*the 2-break distance between genomes P and Q is equal to n+1–c*, where n is the number of genes (5 in our case) and c is the number of cycles in the breakpoint graph (3 in our case). In other words, the 2-break distance between

*P* and

*Q* is 3 (because 3=5+1–3).

The (signed)

**Hultman number** H(n,d) is the number of unichromosomal genomes with n genes whose breakpoint graph (relative to a fixed genome) contains a total of d cycles. There is a closed formula for these numbers, but it is rather complicated. The recent paper

*Generalized Hultman Numbers and the Distribution of Multi-break Distances* by Nikita Alexeev, Anna Pologova, and Max A. Alekseyev (

http://arxiv.org/abs/1503.05285) generalizes the notion of Hultman numbers from the context of 2-break distance to the context of k-break distance. Although k-break distances have not been observed in evolution, they are used in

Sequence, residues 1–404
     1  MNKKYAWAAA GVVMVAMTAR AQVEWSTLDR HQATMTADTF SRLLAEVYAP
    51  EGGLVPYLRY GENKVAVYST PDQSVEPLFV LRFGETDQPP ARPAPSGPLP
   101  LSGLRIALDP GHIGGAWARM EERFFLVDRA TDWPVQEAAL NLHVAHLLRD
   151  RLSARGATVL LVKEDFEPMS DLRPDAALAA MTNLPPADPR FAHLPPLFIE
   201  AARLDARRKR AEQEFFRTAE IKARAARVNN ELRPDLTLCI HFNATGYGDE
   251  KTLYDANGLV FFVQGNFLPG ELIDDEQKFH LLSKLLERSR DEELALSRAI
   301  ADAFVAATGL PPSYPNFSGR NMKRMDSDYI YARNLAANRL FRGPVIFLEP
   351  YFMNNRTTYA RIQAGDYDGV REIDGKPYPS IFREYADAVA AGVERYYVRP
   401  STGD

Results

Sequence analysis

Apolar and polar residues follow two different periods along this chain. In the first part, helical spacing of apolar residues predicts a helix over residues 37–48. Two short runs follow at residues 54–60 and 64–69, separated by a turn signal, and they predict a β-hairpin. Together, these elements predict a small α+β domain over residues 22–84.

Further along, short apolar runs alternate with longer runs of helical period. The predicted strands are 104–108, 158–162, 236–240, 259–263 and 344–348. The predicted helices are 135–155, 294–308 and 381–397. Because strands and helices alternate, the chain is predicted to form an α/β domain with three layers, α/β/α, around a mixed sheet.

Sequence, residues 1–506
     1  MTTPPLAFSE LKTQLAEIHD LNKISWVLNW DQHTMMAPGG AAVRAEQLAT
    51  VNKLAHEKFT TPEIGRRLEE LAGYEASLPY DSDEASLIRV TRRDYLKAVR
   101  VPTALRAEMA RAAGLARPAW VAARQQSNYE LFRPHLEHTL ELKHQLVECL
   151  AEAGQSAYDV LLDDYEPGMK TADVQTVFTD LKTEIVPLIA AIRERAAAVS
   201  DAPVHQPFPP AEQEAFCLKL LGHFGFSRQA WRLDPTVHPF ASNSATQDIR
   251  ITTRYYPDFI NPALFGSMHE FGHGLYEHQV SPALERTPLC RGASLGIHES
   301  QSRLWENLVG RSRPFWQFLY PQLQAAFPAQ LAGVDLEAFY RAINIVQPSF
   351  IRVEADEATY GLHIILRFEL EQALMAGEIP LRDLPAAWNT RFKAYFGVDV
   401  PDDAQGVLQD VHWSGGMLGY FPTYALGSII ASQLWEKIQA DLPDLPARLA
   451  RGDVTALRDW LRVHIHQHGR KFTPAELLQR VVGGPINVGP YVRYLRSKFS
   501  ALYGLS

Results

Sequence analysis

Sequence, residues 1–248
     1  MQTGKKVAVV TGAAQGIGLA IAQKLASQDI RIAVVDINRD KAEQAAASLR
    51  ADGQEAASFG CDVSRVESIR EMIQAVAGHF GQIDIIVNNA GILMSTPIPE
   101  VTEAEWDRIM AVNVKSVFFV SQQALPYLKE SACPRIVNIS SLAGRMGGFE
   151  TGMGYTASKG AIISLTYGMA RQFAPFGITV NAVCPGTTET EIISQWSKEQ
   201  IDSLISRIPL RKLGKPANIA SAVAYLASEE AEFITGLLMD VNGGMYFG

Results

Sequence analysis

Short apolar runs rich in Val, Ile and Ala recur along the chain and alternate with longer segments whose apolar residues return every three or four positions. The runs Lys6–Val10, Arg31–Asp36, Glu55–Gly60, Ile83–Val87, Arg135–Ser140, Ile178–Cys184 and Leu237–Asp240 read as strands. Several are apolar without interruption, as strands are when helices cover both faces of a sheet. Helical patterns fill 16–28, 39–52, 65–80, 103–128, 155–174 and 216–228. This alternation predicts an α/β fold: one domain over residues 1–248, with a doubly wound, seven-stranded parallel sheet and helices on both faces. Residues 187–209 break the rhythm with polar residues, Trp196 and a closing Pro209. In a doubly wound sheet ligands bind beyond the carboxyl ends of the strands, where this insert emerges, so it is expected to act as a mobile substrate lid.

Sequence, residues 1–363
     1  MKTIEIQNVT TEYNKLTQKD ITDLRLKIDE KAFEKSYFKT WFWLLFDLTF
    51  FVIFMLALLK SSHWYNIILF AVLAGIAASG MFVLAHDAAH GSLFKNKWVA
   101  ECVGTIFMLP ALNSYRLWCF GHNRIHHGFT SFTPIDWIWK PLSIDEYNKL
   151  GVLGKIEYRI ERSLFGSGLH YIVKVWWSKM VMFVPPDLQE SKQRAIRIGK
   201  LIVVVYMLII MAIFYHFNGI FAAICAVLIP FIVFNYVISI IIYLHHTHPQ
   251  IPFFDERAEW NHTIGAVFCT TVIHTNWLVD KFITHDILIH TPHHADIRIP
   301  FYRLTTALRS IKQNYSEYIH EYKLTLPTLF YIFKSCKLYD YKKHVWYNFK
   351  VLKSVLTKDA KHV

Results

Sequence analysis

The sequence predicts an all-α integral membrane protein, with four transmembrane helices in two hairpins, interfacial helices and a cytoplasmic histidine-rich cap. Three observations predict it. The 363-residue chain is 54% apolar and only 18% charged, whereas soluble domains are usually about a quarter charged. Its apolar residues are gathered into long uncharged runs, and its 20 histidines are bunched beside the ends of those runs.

**cancer genomics** to measure a catastrophic event called

*chromothripsis* in which multiple breakages happen simultaneously. The authors give recurrence relations for the generalized Hultman numbers in the unichromosomal case, but no closed formula. They intend to treat the multichromosomal case in a future paper. Asymptotically, the 2-break distance is known to be normally distributed, but it is not known what happens for general values of k.

**Relevant links**The paper

*Efficient sorting of genomic permutations by translocation, inversion and block interchange* by S. Yancopoulos, O. Attie, and R. Friedberg contains many interesting results in this area. It is freely downloadable from

http://bioinformatics.oxfordjournals.org/content/21/16/3340.full.pdf+htmlThe unsigned Hultman numbers deal with the case where the orientations of the genes are ignored. The unsigned and signed numbers appear in the

*On-Line Encyclopedia of Integer Sequences* at

https://oeis.org/A164652 and

https://oeis.org/A189507 respectively.

Wikipedia on chromothripsis:

http://en.wikipedia.org/wiki/ChromothripsisThis post is about the applications to genomics that I mentioned in passing in a previous post about pancake sorting. You can find the earlier post here:

https://plus.google.com/101584889282878921052/posts/GyEPJkT5769The picture comes from page 3 of the arXiv paper by Alexeev, Pologova and Alekseyev discussed above.

#mathematics #genetics #sciencesunday #spnetwork arXiv:1503.05285